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58                  PATHOGNEIC BACTERIA.

bacteria produce powerful metabolic poisons—toxins,
ptomaines, etc.—which either cause widespread destruc-
tion of the tissues immediately acted upon, or, circulating
throughout the organism, produce fever, nervous excita-
tion, and a general overthrow of the normal physiological
equilibrium. These peculiarities serve to divide the bac-
teria into

Phlogistic bacteria,

Toxic bacteria,
Septic bacteria.

The bacteria of suppuration probably act in several
ways. Their products may be of a violently chemotactic
nature, or their virulence, exerted upon the surrounding-
tissue, may destroy large numbers of the cells, whose
dead bodies may be chemotactic. When the suppura-
tion is violent the toxic product of the bacterium is itself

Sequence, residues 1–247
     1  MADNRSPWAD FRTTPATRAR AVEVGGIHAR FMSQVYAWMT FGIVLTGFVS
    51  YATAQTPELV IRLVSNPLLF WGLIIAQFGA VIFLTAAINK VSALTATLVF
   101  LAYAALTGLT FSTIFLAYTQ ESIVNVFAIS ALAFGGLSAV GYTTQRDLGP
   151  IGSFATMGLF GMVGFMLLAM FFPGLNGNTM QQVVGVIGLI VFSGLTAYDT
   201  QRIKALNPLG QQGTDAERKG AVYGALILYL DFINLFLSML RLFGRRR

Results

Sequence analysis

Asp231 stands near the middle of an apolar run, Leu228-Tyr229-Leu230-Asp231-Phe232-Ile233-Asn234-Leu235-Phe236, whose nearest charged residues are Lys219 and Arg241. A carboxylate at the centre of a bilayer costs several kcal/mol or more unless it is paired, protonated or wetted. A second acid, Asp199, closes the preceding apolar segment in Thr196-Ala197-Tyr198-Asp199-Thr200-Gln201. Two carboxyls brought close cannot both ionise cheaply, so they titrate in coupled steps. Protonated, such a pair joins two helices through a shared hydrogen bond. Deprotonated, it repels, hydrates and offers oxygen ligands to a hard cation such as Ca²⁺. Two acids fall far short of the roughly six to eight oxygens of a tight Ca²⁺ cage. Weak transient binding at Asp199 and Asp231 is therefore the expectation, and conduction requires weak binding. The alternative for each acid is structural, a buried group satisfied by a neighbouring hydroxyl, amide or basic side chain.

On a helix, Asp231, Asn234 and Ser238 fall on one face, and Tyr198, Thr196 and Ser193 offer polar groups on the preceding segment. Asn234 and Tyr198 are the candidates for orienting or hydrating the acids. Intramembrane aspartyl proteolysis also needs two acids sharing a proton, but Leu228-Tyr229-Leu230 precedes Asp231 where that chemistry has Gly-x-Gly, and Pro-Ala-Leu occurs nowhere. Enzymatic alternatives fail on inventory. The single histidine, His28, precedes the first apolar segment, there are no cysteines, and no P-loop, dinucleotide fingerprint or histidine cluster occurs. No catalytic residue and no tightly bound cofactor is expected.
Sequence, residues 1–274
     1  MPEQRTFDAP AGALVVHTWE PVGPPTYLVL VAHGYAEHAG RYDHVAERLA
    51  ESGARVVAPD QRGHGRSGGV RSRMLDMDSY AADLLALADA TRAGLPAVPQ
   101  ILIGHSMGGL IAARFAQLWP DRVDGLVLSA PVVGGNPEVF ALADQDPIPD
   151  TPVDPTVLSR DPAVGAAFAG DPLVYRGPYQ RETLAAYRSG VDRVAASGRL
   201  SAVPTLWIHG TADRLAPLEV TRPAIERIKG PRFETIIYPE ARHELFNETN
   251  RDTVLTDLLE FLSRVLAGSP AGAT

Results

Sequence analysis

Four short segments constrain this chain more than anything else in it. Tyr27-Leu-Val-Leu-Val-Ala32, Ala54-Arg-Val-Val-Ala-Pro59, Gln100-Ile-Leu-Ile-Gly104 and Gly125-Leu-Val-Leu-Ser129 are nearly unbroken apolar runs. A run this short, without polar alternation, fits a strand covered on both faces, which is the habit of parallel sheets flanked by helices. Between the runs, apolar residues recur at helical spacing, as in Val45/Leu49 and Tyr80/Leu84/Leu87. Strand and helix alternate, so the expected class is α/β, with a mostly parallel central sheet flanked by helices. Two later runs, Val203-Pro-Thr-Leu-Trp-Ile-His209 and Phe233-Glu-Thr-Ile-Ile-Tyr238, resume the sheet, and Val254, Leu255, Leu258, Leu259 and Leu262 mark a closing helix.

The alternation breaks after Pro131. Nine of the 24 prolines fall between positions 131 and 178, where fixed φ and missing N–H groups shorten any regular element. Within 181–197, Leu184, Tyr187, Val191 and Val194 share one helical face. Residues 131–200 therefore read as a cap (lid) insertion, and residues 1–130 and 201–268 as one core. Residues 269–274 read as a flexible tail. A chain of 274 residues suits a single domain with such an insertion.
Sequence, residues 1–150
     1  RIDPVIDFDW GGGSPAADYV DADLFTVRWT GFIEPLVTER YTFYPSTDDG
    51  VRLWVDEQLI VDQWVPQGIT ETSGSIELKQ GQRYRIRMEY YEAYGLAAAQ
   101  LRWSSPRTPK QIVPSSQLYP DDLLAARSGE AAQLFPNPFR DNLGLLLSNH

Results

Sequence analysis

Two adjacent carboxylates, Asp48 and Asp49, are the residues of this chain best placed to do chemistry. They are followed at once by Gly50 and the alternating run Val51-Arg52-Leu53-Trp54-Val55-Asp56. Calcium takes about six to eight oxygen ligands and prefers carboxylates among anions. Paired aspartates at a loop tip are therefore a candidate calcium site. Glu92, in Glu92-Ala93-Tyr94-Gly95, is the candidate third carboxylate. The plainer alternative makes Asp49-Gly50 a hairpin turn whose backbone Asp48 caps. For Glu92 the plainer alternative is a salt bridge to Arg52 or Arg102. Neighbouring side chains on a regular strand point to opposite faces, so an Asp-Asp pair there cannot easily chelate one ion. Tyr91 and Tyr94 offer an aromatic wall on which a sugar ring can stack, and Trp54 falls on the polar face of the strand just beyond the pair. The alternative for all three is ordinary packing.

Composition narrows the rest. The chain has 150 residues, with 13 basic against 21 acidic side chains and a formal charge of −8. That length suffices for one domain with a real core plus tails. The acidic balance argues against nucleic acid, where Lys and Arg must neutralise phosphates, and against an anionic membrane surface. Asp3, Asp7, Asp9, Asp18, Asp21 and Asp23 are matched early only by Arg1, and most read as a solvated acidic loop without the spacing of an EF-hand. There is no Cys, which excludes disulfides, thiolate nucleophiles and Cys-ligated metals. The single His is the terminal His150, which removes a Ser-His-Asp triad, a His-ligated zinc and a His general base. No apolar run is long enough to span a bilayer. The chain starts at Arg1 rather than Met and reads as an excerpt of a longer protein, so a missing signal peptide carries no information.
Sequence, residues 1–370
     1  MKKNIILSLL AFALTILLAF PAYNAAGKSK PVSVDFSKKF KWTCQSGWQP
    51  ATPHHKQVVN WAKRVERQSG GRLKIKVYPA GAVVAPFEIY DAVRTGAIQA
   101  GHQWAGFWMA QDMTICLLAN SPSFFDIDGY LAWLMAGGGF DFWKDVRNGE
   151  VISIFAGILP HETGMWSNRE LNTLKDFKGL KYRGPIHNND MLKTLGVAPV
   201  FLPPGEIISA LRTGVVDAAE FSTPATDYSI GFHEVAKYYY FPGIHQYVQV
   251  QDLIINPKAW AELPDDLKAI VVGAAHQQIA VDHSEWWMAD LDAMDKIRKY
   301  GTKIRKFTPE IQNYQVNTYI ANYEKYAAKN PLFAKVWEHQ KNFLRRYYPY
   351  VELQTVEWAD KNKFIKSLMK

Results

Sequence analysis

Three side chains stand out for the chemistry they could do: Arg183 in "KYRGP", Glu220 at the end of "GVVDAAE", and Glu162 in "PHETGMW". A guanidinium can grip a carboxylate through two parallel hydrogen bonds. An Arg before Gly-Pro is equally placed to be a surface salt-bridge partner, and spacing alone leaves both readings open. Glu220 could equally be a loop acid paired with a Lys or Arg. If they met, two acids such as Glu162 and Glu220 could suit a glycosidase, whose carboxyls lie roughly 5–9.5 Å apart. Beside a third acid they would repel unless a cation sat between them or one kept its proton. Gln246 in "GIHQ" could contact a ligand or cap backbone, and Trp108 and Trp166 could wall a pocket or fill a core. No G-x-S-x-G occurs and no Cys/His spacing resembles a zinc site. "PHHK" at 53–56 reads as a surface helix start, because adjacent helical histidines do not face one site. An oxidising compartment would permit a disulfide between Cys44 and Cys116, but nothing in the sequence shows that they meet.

most probably strongly chemotactic.

The great majority of suppurations depend upon bac-
teria, but there are sterile suppurations which sometimes
follow the use of croton oil, turpentine, etc. The differ-
ence between infectious and sterile pus is marked, for
the former, containing the virulent germs, tends to invade
new tissue or distribute its disease-producers to new parts
of the body, while the latter remains local.

There are few purely toxic bacteria, the tetanus and
diphtheria bacilli serving as typical examples. By sep-
tic bacteria, I mean those whose habitual tendency is to
grow in the blood and lymph and distribute to all the
organs. Anthrax is a type of the class.

How the disease-producing bacteria effect their en-
trance into the tissues is an interesting question. The
channels naturally open to them are those leading into
the interior of the organism, and must be separately con-
sidered.

(a) The Digestive Tract.— Attention has already been
called to the facility with which the bacteria enter the
digestive tract in foods and drinks. Once their metabo-
lism is in active progress, the poisons which they produce